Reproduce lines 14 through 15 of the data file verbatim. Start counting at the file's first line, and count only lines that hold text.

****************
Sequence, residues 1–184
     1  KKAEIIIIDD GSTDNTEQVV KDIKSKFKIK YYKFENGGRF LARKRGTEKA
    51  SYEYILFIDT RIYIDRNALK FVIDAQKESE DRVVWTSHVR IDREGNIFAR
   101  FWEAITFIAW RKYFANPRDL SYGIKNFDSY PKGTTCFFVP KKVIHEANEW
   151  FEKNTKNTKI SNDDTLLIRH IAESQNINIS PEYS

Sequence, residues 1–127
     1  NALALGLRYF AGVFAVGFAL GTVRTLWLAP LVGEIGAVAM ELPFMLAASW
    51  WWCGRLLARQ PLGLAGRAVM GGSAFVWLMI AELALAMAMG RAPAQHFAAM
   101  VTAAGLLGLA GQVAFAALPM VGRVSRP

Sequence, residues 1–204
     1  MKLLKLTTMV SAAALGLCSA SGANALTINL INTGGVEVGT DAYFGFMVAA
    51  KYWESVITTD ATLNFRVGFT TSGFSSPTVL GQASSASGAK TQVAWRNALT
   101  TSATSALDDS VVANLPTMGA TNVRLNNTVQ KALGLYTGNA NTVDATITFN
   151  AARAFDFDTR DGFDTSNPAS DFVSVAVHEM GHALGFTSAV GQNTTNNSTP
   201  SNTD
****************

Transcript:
   151  AARAFDFDTR DGFDTSNPAS DFVSVAVHEM GHALGFTSAV GQNTTNNSTP
   201  SNTD